WHAT IS GUM DISEASE
Gum disease, also known as periodontal disease, is an infection that occurs in the gums, deep tissues, and bones that support your teeth. (The word “periodontal” means “around the tooth.”) Unless the disease is treated, it can ultimately lead to tooth loss. Not only is it the number one reason for tooth loss, research suggests that there may be a link between periodontal disease and other diseases such as, stroke, bacterial pneumonia, diabetes, cardiovascular disease, and increased risk during pregnancy. Researchers are determining if inflammation and bacteria associated with periodontal disease affects these systemic diseases and conditions. Smoking also increases the risk of periodontal disease.
How Gum Disease Starts
Your mouth naturally produces a sticky substance called plaque. Without adequate brushing and flossing, this plaque builds up on your teeth. The bacteria in plaque produce poisons, or toxins, which irritate the gums, causing infection. As the infection increases in severity, it breaks down the bones and tissues that hold your teeth in place.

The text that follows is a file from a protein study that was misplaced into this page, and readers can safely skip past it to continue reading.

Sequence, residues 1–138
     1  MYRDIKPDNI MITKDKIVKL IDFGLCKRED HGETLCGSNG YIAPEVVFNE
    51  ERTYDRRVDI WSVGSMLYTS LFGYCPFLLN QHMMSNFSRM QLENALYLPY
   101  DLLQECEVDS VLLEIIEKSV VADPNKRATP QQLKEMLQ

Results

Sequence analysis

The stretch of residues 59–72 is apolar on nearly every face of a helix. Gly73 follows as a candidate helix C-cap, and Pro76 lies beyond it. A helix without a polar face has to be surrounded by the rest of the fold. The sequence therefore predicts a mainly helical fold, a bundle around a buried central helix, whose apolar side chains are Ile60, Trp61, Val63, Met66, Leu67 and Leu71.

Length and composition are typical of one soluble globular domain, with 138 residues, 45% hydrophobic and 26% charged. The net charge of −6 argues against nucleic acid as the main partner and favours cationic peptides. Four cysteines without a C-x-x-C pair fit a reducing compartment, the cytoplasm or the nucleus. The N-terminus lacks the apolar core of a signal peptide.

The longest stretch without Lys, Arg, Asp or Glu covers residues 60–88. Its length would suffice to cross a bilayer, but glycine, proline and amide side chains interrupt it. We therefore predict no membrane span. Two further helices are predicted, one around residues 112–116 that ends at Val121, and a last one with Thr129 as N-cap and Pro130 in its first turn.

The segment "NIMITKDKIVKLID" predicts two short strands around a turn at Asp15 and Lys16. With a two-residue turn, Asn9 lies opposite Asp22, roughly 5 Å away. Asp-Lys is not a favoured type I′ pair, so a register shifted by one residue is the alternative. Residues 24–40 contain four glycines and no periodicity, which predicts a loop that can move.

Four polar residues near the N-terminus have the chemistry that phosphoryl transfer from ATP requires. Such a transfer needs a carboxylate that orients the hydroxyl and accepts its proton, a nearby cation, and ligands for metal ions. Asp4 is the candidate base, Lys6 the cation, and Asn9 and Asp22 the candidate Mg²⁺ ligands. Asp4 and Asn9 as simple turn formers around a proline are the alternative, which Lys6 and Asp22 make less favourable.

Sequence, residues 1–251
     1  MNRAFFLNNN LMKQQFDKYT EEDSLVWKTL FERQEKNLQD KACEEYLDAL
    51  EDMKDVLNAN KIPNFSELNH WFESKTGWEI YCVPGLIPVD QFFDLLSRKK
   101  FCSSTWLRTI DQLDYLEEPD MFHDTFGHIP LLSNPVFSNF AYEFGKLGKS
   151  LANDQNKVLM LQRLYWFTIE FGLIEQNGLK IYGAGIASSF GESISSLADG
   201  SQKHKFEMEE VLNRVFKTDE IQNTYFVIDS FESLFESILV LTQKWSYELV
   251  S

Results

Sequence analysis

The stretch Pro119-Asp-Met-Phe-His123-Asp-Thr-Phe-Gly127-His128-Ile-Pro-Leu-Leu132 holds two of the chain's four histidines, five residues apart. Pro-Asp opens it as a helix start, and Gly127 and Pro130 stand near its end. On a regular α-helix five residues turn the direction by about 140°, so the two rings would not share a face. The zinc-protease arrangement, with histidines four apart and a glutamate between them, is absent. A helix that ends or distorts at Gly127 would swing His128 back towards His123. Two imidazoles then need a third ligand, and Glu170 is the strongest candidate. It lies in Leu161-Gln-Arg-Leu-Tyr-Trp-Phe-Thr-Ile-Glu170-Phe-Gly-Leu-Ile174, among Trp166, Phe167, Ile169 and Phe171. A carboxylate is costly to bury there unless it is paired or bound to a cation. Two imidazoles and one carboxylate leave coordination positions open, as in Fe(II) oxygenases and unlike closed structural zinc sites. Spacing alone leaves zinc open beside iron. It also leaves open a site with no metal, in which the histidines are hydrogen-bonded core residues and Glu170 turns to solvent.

Common symptoms include:
Oral bleeding that typically occurs when a patient is flushing or brushing their teeth
Gums that appear overly swollen or red
Bad breath that lingers even after diligent oral hygiene and/or mouthwash
Strangely loose teeth
A sudden change in the way your bite feels
A receding gum line (your teeth appear longer and longer over time)
However, there are many cases in which periodontal disease may not exhibit noticeable signs until it’s progressed to a more dangerous stage. That’s why attending regular check-ups is so crucial for patients of all ages.
Treating periodontal disease can vary depending on how far the condition has progressed. The first step is a deep cleaning and scaling to remove plaque and tartar deposits from the teeth. In some cases when the pockets have become too deep or do not properly heal, periodontal surgery may be necessary to reduce the pocket depth.